Robinson is, by no means, a CB1. He has only put together, generously, two seasons of decent CB2 play. If the Eagles were looking for that, they would have kept Nolan Carroll. We can pretty safely say he isn’t viewed as the solution for the Philadelphia Eagles’ back-end issues.

If the additions of Long and Robinson don’t impact Philadelphia’s draft plans, then what do they do? Well, beyond providing depth, they accomplish the very same things that the Torrey Smith and Chance Warmack signings do: create latitude on Draft day.

Remember when Roseman spoke about Band-Aids in January? Referencing the cornerback position specifically, he said he didn’t want to bring in short-term free agent fixes. He wanted to invest in long-term starters through the Draft. And until about an hour ago, he hadn’t brought in a short-term corner.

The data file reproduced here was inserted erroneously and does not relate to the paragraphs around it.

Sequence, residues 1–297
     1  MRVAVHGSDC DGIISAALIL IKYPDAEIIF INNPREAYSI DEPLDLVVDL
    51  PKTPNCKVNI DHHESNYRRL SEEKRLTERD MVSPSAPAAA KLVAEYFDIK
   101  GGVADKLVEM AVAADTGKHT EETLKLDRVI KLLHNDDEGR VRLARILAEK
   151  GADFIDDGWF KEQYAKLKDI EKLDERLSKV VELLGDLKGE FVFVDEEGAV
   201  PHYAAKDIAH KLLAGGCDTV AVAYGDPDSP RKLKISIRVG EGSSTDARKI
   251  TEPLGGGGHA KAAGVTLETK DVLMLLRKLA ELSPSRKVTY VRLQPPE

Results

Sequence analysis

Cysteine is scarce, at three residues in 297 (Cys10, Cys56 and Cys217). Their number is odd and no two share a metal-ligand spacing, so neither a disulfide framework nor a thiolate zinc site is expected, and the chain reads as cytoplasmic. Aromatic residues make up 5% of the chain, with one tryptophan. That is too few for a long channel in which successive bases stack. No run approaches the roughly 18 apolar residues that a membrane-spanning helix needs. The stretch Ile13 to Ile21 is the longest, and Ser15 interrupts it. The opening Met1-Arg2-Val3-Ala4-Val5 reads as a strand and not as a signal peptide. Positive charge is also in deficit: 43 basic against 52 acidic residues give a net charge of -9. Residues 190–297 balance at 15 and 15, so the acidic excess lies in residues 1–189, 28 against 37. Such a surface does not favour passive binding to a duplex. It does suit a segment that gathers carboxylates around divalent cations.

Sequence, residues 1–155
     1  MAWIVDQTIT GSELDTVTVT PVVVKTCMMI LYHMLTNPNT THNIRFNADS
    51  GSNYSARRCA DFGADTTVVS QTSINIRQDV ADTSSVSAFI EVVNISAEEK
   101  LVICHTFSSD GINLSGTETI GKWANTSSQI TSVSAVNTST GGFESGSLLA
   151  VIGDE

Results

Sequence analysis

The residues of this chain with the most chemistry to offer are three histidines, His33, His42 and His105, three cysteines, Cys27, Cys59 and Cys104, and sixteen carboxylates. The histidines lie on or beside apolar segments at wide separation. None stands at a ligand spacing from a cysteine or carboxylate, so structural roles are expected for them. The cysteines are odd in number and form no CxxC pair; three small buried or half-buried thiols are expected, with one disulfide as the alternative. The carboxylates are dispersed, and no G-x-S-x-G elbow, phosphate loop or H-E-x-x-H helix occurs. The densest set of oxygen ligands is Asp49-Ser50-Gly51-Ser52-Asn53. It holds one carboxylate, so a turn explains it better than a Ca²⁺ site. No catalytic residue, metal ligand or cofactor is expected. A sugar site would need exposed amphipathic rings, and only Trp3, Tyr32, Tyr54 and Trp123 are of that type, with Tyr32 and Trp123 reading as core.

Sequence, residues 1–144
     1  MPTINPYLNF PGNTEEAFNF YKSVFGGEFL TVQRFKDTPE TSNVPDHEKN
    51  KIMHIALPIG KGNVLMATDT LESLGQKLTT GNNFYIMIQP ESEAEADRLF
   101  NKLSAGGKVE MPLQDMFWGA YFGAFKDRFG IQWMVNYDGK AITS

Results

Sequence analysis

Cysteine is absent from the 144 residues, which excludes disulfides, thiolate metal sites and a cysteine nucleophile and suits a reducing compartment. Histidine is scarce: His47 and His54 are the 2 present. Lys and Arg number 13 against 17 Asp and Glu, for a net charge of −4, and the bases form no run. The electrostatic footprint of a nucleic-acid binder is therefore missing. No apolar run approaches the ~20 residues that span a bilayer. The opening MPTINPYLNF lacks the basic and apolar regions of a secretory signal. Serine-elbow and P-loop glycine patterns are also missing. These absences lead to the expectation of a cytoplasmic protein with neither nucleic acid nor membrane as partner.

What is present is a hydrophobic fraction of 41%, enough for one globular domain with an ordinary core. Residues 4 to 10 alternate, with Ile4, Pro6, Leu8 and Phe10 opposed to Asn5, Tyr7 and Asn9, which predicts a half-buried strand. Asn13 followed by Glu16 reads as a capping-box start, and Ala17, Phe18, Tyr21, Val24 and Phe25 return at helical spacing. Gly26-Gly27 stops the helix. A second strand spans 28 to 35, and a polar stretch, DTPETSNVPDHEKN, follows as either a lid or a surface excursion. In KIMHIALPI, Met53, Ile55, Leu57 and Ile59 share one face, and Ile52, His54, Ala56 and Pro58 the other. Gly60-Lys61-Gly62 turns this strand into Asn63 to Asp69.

Just, you know, two short-term wide receivers, a short-term backup quarterback, a short-term offensive guard, and a short-term defensive end.

Now, throw on top of all of that a short-term corner who more so needs a Band-Aid than is one, and the Eagles’ roster is covered in flesh-colored plastic that will inevitably end up floating in your local swimming pool.

“Okay, Ben calm down. Admittedly, that Band-Aid joke was clever, and you’re quite funny”–Aww shucks, thank you–“But Roseman’s just bargain hunting. Besides Alshon Jeffery, Roseman’s signing cheap free agents with possible talent, looking to catch a break.”

Well, yes…but also no.

Before the league year opened up, here was my list of the Eagles’ needs: